Even the most skilled and established professional writers do this: make tiny grammar, spelling, punctuation mistakes that should never be seen by even the most forgiving reader. That's where a good editor is important.
I've had the privilege of working with some highly skilled editors. My best editing experience was when I wrote my first two book reviews. Before my book reviews were published in Rusty Toque and Winnipeg Review Of Books I had never written a book review before, but I'd read a lot of reviews, by writers I admire, and studied English in university. I decided to write book reviews because I really love reading, and was eager to get paid to write about what I had to say, about what I was reading. I've never seen an editor be this patient, and unconditionally supportive because the average editor literally doesn't have time to be unconditionally supportive. They provided me with editorial feedback that was extremely detailed. I was a better non-fiction writer, and writer overall, when it was all over.
Not everybody has the privilege of working with editors that are equally as stellar, and I think I'll go ahead and upfrontly say that I've also made the occasional silly mistake, and the results weren't always that positive. Turns out everyone makes similar mistakes, which is why I'm not ashamed to admit that. Everyone should have a really careful edit, of everything they write, and intend to distribute publically, and if possible they should ask someone else to edit their work for them.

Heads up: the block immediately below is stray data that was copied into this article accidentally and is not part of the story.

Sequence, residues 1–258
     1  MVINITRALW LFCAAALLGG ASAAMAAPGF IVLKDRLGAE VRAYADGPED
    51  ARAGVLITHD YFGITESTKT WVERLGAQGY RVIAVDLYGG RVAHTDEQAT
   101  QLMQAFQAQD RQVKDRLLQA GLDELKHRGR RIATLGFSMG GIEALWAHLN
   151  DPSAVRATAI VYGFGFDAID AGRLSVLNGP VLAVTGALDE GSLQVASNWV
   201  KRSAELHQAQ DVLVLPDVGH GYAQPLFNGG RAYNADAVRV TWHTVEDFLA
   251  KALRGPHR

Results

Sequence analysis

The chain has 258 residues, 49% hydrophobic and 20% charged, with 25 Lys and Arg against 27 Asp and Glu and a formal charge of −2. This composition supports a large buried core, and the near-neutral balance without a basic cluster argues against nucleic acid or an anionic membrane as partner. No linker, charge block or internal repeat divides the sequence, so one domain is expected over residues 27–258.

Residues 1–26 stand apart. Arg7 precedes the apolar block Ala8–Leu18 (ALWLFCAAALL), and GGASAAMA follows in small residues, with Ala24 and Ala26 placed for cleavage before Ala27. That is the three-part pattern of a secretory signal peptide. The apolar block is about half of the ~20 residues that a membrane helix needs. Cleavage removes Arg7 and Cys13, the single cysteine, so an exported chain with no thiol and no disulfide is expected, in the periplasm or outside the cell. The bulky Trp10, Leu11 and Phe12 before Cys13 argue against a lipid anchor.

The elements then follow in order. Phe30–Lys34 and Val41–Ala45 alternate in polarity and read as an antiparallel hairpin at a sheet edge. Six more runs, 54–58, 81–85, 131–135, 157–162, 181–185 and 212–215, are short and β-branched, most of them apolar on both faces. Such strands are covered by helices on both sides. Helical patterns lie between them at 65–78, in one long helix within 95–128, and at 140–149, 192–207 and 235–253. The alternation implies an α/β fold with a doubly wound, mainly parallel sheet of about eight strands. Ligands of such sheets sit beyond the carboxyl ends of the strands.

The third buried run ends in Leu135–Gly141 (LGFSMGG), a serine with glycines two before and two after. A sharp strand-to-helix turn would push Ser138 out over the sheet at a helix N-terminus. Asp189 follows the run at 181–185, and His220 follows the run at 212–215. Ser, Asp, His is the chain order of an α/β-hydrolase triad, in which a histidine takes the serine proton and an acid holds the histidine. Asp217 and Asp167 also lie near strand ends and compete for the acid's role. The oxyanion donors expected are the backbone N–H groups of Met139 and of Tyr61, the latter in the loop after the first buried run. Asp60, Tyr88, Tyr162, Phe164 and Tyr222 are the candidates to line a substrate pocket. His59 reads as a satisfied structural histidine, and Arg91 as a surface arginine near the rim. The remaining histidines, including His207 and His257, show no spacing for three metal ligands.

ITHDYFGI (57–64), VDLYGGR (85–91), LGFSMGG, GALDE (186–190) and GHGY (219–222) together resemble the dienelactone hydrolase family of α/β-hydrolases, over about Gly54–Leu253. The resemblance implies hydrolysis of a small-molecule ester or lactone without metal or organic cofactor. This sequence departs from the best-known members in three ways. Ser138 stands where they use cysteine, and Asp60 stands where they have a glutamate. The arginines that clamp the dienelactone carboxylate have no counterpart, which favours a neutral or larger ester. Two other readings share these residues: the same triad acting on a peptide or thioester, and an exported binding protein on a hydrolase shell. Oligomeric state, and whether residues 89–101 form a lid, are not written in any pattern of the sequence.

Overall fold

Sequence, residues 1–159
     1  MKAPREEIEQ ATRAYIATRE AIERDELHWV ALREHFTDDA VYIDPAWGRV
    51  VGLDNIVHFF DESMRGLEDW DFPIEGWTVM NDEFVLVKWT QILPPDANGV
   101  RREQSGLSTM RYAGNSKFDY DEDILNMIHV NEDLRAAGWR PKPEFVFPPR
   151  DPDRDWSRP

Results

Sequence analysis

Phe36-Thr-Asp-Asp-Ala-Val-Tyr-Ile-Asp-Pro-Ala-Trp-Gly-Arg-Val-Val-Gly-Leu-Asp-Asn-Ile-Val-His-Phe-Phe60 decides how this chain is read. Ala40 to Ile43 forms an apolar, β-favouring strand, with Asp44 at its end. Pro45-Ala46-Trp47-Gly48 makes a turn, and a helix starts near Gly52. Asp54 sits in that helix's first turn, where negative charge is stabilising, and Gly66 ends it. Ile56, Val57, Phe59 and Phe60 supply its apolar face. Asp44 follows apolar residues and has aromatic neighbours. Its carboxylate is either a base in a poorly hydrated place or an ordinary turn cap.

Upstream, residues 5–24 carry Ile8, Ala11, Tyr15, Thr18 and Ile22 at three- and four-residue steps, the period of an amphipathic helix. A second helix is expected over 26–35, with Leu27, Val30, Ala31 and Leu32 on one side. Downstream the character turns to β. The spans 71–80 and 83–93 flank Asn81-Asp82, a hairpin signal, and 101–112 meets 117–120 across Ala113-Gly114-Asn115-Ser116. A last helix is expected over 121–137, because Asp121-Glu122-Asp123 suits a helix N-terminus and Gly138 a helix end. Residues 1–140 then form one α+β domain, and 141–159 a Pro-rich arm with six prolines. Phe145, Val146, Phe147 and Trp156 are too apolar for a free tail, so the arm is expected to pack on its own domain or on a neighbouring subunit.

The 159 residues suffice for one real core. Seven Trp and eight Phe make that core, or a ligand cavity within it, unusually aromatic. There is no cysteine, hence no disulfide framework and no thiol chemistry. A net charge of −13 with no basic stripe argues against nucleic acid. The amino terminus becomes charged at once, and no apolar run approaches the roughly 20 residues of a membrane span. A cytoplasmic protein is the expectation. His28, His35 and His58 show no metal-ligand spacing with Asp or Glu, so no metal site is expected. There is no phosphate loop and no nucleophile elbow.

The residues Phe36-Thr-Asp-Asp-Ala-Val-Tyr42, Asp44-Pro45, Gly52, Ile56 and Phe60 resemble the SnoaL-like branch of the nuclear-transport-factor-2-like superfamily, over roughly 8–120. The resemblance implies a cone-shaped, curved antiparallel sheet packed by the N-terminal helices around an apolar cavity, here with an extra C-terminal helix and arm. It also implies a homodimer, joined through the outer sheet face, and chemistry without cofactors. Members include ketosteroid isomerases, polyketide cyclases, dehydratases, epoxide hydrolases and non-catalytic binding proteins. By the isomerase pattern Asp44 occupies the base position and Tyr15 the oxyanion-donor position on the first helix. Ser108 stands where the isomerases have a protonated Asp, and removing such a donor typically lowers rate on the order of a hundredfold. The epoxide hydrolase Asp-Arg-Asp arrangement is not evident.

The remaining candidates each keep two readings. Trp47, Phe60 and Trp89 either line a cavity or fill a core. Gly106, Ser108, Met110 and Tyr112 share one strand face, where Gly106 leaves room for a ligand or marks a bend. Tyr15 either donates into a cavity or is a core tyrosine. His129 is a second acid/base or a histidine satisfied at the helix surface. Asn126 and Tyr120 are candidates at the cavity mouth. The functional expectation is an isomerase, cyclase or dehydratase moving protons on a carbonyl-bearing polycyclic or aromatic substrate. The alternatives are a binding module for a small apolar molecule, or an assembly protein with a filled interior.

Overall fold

It's important to do two drafts minimum. Carefully scan through to make sure there's no awkward phrasing, no run on sentences, and there's no typos that make you look not so great such as "than vs then," "unless not inless,"etc. A useful tool I discovered recently was my computer's "Read Out Loud" tool. I highly recommend it if you're writing something, and don't have access to another pair of eyes, because the computer will read what you've just written. It's a great way to spot awkward phrasing, and get a sense of how each sentence flows. I've found more awkward phrases via the Read Out Loud tool than I did when I reread my work, quietly. Elements Of Style
and On Writing Well
are also fundamental staples for anyone that writes anything that counts as non-fiction.
A good editor will keep the original voice and idea, while fine tuning any formatting issues, grammatical mistakes, and factual concerns, that come up during the editing process, and a bad editor, will change the content to suit their voice or needs, while overlooking crucial details. I once had an editor that by the time they had finished editing my work, it didn't exactly look like I wrote it. Many of my best editors were my loved ones, who meticulously read whatever I showed them, from beginning to end, and then had something way deeper to say beyond the well intended "good job." "Good job" is something you tell a child after they've learned a crucial life lesson or skill, or an athlete that has a shot at a gold medal; someone that intends to master a specific craft is a lot more interested in how they can improve than praise. Many of my loved ones are my toughest critics, in a good way, and that's something that I'm forever grateful for.